Adverse Possession Disputes

In many areas of Pennsylvania, people occupy properties where title to the property is in dispute. A common situation is where a property has been occupied for a long time without permission of the owner, but the owner failed to remove the occupant. Two examples are tenant-landlord relationships where the landlord died and inheritance properties where the heirs did not complete the legal process. 

Pennsylvania has a law that permits a property to be re-titled in the name of another person with a long-standing relationship to the property. The law of “adverse possession”, codified under 42 Pa.C.S § 5530, permits a person to file a lawsuit called a Quiet Title action against the record owner. The person claiming adverse possession rights must have occupied the property for a minimum number of years without permission. If the Quiet Title lawsuit is successful, the court will issue an order awarding legal title.

Property owners who do not enforce their rights run a risk of losing legal title to an occupant. The solution for a property owner facing the loss of legal title is to “eject” the occupant. An ejectment action is a type of legal case to remove the occupant from land. A property owner who files an ejectment action may also include additional claims for rent or other damages due to the other party’s unlawful occupation.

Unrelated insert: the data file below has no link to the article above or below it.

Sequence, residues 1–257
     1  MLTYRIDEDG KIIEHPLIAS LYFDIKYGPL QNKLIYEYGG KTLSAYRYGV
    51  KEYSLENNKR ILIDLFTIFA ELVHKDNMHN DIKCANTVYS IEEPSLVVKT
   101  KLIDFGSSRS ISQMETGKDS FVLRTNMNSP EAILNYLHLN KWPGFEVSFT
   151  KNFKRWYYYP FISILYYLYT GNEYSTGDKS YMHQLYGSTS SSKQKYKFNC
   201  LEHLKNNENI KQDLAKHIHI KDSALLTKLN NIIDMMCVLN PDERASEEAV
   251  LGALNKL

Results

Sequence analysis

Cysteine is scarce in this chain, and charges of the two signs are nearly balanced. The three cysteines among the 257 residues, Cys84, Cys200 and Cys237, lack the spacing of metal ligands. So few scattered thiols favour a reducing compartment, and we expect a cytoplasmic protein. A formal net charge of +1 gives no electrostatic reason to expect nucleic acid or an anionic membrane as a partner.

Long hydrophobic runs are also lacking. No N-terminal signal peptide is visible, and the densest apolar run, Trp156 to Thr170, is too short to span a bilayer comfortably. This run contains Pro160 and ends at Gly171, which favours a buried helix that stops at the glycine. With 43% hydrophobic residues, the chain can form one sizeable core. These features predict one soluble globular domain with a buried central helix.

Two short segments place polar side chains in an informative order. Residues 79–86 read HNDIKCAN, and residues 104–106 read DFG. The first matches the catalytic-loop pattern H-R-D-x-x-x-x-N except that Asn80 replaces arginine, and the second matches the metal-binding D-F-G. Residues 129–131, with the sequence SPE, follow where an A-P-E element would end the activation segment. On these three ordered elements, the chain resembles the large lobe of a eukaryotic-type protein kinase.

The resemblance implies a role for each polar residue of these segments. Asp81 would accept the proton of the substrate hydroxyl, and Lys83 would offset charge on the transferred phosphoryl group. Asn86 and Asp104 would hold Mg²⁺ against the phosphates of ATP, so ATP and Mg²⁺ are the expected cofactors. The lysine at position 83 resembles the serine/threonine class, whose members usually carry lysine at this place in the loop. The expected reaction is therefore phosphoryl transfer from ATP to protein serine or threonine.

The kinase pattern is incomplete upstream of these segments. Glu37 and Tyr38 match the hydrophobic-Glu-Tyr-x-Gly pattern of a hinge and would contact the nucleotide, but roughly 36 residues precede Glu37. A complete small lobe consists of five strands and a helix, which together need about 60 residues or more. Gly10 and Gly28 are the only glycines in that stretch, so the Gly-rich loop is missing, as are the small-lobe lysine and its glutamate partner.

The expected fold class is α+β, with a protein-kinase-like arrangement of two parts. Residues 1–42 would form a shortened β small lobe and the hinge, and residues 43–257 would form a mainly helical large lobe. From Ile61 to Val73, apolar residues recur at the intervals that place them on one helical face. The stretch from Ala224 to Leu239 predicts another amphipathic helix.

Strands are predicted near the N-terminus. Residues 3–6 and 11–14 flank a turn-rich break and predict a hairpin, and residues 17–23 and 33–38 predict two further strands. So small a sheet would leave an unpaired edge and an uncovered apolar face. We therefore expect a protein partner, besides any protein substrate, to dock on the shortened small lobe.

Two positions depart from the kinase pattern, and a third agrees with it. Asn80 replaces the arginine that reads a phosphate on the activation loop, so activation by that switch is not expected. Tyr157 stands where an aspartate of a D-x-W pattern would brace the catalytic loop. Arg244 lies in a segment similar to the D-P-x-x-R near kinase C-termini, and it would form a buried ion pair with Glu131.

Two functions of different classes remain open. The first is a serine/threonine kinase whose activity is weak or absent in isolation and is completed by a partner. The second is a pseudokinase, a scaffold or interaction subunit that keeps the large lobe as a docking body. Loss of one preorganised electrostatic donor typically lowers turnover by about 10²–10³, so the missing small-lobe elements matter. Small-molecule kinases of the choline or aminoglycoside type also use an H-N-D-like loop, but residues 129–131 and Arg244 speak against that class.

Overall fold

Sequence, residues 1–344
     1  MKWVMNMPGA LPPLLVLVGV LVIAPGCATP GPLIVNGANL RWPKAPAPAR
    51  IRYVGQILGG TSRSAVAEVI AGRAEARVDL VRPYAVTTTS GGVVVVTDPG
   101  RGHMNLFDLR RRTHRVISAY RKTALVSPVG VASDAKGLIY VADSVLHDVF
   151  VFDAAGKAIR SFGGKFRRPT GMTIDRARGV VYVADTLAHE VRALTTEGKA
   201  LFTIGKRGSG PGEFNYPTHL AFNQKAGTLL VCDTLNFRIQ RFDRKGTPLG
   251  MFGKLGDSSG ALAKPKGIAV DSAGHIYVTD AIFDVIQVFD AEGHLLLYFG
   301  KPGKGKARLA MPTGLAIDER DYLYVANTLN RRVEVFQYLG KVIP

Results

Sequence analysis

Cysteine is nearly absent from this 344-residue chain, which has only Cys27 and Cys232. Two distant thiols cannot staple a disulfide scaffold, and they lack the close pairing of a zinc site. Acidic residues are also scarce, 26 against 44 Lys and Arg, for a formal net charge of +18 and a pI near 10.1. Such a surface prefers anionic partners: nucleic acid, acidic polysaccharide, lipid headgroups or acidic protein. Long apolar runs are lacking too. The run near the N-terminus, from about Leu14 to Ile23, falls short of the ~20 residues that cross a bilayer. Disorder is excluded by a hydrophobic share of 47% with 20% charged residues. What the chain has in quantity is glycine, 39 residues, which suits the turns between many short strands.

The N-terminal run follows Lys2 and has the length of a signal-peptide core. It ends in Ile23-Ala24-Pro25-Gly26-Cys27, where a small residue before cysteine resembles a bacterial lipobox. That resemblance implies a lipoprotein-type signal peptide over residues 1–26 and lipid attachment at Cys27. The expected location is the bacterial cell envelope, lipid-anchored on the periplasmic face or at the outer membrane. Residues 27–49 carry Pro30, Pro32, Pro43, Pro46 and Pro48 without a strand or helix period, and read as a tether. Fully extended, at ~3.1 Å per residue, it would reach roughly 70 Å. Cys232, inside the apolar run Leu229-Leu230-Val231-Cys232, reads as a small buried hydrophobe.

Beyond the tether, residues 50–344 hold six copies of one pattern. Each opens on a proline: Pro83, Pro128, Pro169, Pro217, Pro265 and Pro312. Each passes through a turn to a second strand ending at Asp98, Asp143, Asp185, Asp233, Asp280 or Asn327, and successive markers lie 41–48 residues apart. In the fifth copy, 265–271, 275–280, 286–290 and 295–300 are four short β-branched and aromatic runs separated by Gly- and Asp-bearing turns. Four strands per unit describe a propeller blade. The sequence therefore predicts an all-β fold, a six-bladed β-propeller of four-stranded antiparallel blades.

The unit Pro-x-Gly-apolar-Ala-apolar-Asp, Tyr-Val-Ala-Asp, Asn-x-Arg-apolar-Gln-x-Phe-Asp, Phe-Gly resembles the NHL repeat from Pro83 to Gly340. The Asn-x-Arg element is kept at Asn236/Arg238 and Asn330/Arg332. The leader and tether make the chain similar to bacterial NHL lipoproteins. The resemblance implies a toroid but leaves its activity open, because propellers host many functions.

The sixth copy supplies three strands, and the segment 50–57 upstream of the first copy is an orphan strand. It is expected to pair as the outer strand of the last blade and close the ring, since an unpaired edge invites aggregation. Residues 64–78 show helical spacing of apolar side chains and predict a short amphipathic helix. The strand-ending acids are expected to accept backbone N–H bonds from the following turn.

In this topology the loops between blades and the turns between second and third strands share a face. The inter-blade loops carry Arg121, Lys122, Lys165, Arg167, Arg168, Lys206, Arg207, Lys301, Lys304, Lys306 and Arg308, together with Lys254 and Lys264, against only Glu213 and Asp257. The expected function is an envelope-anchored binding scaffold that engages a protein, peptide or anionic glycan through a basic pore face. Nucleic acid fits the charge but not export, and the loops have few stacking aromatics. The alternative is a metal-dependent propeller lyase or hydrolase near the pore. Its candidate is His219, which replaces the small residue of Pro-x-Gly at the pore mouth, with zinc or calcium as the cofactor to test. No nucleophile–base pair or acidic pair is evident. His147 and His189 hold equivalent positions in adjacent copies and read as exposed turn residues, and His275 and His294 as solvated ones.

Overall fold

A person claiming rights by adverse possession cannot simply file a deed transferring the property. The alleged new owner must sue the former owner under a Quiet Title action. Forging the signature of a previous owner on a deed to claim adverse possession rights is deed fraud. 

The law is undergoing major revisions for residential properties starting June 2019. Under the new law, a property can be re-titled in the name of another person if the following basic requirements are proven at trial:

#1. The resident used the property for a minimum of 10 years.

#2. The property must be residential, located on a lot of not more than ½ acre and contain a single-family home. Commercial properties and residential properties that do not meet these requirements must be occupied for a minimum of 21 years.

#3. The occupancy must have been actual, continuous, exclusive, visible, notorious, distinct and hostile. Each of these requirements must be proven individually as elements of the plaintiff’s claim.

As a real estate attorney to property owners, I help resolve legal disputes and avoid costly mistakes.

If you know a person involved in a title dispute over a property, please forward our contact information:

Phone (484) 690-4613

Email hello@daiellolaw.com

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